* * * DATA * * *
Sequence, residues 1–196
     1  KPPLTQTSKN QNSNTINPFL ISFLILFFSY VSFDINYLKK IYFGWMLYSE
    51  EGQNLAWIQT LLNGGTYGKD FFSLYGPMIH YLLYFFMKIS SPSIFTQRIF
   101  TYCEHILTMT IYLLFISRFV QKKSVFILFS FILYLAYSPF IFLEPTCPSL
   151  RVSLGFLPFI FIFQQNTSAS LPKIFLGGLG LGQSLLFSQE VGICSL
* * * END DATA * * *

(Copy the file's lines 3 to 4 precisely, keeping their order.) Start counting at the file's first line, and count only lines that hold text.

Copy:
    51  EGQNLAWIQT LLNGGTYGKD FFSLYGPMIH YLLYFFMKIS SPSIFTQRIF
   101  TYCEHILTMT IYLLFISRFV QKKSVFILFS FILYLAYSPF IFLEPTCPSL